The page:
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Mini-Counseling Sessions Can Curb Problem Drinking

posted Sep 28, 2012, 10:36 AM by UWM Brain Lab

A new study shows short counseling sessions can curb problem drinking:

Brief counseling from primary care doctors reduces "risky" drinking, defined as having more than four drinks a day for men, three for women, a federal task force says.

About one in three Americans misuse alcohol, the panel says, with the vast majority falling in the "risky" category.

The U.S. Preventive Services Task Force says the available evidence shows that patients who had multiple counseling sessions lasting 10 to 15 minutes were 12 percent more likely to quit binge drinking a year later and 11 percent more likely to stay within recommended alcohol limits.

Alcohol consumption went down from 23 drinks to 19 drinks a week after the counseling, according to the panel's analysis of 10 well-done studies.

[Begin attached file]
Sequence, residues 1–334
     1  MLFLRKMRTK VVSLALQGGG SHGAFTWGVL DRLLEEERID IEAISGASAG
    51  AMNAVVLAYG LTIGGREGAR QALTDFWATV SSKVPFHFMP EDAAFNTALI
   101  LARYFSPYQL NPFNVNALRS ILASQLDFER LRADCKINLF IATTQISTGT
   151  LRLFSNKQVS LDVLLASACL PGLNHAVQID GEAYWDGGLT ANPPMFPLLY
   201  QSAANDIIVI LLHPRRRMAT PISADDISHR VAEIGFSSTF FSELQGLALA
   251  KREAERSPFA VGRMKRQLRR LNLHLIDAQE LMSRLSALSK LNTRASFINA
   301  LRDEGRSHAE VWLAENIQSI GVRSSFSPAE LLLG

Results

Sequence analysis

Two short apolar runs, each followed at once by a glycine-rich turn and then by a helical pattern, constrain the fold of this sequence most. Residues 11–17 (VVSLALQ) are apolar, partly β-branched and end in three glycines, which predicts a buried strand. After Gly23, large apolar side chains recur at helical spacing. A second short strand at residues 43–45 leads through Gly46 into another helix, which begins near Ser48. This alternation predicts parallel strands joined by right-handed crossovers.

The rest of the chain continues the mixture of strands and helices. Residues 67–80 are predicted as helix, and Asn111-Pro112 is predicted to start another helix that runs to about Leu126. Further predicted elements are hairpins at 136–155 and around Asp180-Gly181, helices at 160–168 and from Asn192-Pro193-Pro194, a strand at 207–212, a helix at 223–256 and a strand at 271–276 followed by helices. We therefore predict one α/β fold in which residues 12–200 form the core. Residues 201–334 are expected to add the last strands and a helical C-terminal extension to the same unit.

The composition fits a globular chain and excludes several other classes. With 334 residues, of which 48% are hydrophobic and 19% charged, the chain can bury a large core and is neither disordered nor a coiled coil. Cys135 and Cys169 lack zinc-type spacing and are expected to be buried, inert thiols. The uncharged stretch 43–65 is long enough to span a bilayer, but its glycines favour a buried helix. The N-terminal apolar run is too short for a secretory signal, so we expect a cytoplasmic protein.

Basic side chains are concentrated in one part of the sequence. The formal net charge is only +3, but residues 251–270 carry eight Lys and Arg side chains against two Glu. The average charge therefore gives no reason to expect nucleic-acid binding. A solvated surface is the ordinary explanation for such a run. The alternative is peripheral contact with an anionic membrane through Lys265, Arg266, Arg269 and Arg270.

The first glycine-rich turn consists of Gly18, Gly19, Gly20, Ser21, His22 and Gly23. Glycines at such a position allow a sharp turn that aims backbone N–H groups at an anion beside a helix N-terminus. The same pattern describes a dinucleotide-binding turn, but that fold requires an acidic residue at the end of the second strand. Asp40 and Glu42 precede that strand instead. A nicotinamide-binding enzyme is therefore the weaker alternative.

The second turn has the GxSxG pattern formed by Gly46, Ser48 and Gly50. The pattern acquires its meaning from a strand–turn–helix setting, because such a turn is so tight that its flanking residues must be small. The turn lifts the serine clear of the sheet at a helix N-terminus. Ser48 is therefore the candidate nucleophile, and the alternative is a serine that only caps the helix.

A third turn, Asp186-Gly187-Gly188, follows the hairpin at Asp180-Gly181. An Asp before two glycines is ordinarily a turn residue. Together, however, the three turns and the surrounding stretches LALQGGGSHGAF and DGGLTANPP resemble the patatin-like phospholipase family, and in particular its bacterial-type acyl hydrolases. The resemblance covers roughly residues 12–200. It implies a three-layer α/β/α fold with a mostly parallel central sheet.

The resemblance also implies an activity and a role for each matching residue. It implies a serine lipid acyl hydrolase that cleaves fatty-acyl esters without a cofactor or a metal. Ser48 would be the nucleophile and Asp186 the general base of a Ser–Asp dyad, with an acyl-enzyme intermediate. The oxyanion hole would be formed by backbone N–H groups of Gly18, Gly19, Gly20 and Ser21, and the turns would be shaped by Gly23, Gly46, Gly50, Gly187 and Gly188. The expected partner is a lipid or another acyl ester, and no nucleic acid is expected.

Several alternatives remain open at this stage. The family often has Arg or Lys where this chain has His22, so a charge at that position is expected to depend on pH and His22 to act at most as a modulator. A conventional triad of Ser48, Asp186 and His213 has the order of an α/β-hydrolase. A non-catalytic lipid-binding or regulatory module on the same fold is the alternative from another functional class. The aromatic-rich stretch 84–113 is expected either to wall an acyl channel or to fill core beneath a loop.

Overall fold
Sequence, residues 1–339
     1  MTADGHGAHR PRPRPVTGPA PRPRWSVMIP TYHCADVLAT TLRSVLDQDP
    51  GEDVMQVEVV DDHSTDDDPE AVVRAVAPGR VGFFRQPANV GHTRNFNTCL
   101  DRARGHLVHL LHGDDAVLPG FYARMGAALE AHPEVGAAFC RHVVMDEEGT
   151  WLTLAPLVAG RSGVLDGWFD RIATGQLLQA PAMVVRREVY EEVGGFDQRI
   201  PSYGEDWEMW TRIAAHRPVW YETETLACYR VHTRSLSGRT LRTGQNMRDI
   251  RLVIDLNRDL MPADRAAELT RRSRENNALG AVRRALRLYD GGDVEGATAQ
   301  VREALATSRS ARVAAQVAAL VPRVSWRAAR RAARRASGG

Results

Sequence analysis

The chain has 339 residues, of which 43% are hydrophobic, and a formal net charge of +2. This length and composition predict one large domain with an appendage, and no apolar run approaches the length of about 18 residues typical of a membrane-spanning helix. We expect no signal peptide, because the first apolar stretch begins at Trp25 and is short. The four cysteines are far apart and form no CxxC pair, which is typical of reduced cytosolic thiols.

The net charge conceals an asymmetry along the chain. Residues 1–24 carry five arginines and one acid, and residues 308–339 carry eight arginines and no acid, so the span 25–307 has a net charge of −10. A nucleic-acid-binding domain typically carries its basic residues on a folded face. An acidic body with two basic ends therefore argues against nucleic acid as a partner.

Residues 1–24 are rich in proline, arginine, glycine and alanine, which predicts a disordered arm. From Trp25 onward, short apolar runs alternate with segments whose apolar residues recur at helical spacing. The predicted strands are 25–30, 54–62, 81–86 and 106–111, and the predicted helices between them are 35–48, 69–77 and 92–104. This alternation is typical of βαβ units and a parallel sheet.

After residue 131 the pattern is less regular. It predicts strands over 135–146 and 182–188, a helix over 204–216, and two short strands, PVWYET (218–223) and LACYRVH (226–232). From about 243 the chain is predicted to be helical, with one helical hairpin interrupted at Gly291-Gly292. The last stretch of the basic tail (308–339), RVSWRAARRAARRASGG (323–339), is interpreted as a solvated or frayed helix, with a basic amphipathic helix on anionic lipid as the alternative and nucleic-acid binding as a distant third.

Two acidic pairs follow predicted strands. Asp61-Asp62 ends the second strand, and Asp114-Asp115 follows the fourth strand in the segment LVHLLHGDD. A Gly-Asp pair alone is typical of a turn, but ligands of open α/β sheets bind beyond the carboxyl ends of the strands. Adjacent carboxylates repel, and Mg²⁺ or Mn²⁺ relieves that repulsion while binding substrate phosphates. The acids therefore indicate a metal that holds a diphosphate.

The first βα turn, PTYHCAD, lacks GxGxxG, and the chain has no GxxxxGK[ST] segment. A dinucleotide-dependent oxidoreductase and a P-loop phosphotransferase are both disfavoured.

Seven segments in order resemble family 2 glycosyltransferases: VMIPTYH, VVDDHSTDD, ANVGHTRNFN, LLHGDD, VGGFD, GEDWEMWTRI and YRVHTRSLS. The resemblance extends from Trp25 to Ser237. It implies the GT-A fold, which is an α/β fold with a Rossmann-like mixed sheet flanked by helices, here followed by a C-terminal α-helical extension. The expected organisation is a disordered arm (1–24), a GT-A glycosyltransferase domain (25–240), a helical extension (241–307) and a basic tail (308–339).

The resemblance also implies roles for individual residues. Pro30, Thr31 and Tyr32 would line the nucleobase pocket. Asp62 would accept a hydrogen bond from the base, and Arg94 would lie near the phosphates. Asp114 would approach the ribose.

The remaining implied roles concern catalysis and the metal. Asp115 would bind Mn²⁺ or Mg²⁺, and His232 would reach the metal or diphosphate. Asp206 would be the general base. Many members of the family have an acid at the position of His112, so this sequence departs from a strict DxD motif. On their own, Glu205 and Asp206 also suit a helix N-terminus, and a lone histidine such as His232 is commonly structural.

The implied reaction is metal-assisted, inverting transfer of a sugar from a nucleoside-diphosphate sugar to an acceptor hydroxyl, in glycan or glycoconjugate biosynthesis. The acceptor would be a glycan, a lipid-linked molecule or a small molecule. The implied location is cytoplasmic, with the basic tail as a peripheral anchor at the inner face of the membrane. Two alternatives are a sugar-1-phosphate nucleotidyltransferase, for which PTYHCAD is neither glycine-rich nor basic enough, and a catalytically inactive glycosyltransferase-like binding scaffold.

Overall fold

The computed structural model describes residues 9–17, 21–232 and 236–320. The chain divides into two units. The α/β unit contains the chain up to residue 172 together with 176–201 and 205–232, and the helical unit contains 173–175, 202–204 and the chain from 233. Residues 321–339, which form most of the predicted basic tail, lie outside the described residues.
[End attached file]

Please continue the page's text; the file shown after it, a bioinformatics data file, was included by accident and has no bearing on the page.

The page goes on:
The task force calls those "moderate" benefits – but enough to justify primary care doctors screening all adult patients for signs of problem drinking and providing counseling.

It doesn't specify how many counseling sessions are needed, but says it takes more than one. Likewise, the task force doesn't endorse a specific kind of alcohol counseling but says a number of methods are effective, including computer-based and telephone sessions, as well as face-to-face encounters.

Continue reading this article over at NPR.